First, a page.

Reminder to anglers fishing Quebec Rivers: take the time to report your releases to have the most accurate angling statistics and for the river managers to correctly calculate angling success. Tight Lines!
On Sector 1 of the Causapscal River on May 25. This river is noted for an early run, and one that has some very large salmon. On some day in early June, Atlantic salmon leaping at Causapscal Falls will be incredibly impressive. Charles Cusson/ASF

New Brunswick

On 27 May this 37-inch striped bass was caught by Guide Jason Curtis on the Northwest Miramichi. Scientific analysis of smolt mortality on leaving the Miramichi has shown that striped bass are impacting the numbers. Photo Brad Burns
The reports are of large numbers of striped bass now in the Northwest Miramichi. The large numbers may mean good fishing for the bass, but continued concerns surrounding high mortality of Atlantic salmon smolts running the gauntlet towards the open ocean.

Brock Curtis of Curtis Miramichi Outfitters notes:

This past weekend was quite hectic here on the Miramichi. A large number of anglers taking part in the Bass tournament were in the area. This is a large event that keeps growing each year. From what some of the anglers are saying the Striped Bass fishing was quite good in some areas. One has to see the river boiling in Striped Bass to believe the numbers. If you haven’t seen this before it is well worth experiencing.

There also continues to be Black Salmon caught above and below the Blackville area. Not large numbers but anglers who are fishing for them are still landing a few.

A number of anglers coming into the tackle shop are having success with dry flies when fishing for trout, and finding some larger trout. We heard Sea Run Trout are being caught in the Boiestown area so they are probably moving upriver now.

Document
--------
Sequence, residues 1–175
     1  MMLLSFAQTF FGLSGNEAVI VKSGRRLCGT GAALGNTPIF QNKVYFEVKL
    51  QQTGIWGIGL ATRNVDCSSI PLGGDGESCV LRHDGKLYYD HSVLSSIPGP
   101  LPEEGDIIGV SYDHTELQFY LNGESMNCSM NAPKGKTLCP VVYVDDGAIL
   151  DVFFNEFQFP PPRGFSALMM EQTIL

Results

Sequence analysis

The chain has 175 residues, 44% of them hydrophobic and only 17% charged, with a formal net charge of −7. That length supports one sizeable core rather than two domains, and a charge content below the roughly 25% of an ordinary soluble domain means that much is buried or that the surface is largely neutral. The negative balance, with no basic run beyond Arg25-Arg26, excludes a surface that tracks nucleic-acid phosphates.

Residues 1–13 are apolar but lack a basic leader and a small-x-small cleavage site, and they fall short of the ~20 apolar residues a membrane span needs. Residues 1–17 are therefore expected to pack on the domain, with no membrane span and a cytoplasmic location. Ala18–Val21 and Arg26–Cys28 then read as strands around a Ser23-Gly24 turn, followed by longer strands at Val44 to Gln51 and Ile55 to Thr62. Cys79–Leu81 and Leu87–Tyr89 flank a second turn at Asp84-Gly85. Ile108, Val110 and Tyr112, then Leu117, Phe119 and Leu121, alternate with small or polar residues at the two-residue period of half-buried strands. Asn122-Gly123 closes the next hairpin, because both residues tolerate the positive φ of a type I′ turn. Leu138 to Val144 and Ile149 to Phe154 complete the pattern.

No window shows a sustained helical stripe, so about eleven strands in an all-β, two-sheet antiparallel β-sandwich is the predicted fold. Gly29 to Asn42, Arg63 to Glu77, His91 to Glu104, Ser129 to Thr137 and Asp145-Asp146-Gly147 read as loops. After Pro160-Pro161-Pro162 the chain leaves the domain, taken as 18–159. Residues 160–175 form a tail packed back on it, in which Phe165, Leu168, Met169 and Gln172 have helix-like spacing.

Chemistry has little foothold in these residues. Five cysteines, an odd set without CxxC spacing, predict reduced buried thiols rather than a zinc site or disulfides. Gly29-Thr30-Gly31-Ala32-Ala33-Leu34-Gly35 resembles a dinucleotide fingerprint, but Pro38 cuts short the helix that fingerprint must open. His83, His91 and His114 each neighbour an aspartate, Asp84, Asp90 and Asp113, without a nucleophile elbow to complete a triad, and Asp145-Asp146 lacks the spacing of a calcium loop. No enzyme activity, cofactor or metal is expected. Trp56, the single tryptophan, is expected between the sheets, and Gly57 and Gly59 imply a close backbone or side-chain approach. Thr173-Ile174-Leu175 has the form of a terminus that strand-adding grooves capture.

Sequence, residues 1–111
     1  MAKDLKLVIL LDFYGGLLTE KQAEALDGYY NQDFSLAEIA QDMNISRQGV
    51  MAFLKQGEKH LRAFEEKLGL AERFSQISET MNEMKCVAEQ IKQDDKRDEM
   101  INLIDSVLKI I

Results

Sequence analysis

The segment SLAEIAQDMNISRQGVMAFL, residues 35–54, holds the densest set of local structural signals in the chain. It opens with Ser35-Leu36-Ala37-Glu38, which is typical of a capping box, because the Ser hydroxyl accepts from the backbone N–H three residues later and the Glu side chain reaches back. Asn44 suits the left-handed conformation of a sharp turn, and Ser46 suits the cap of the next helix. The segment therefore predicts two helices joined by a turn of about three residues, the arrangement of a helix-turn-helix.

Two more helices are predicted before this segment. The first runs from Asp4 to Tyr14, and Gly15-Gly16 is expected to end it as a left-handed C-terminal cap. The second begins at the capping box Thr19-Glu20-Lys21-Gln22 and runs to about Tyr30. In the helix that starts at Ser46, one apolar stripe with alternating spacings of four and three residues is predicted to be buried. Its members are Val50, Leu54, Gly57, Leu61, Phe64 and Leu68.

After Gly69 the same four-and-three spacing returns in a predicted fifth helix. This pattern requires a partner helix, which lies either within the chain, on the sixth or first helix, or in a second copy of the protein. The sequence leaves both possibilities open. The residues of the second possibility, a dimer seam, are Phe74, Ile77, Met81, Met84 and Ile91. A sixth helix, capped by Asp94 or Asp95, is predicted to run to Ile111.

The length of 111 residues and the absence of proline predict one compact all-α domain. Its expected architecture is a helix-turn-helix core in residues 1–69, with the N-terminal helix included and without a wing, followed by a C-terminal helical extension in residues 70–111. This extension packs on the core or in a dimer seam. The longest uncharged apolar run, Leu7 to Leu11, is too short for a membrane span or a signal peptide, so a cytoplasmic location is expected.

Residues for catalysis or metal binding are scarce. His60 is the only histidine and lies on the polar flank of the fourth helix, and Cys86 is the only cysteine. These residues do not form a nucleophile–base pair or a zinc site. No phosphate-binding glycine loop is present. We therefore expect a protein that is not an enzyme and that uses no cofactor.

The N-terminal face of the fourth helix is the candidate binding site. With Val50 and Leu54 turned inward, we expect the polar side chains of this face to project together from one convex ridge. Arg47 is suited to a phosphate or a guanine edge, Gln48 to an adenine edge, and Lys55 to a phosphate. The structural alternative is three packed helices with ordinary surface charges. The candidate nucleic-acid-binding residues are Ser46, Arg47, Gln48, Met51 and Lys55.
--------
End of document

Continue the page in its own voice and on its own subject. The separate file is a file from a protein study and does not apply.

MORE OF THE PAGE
Tributaries are still good for canoeing and anglers are now taking advantage of the trout fishing and camping from canoes. Though we have had quite a bit of rain the underbrush is quite dry so caution with campfires is a must.

Nathan Wilbur, ASF Director of Programs in New Brunswick has an added  perspective, related to the water temperature:

Cold temperatures delayed striped bass movement up to their spawning grounds on the NW Miramichi. Hopefully this has allowed smolt to have better survival through the estuary compared to recent years, although the smolt run is slow to get underway as well. Anglers are still catching a few kelts on the Miramichi low on the river, and are expecting bright salmon to show up shortly.

He notes that the Matapedia salmon shown at the beginning of ASF RiverNotes shows how the run has started, but was delayed by the cool conditions this year.
DFO has erected a new smolt counting fence on the Tay River, a tributary of the Nashwaak to better understand the run on this river. Nathan Wilbur/ASF
The wet and cold conditions of this may have in many rivers created good conditions for smolt heading down to the sea. This photo of the Hammond River was taking 27 May, 2019. Photo Andy Miller